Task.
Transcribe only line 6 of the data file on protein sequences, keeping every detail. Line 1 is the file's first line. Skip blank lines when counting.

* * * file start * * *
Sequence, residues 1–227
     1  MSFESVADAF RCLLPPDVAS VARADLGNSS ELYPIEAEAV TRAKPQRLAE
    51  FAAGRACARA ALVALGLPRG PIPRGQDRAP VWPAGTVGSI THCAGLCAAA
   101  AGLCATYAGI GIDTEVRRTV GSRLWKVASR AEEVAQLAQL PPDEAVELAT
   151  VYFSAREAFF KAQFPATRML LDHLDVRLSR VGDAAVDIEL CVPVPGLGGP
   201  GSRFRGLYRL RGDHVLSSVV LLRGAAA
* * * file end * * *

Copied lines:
   201  GSRFRGLYRL RGDHVLSSVV LLRGAAA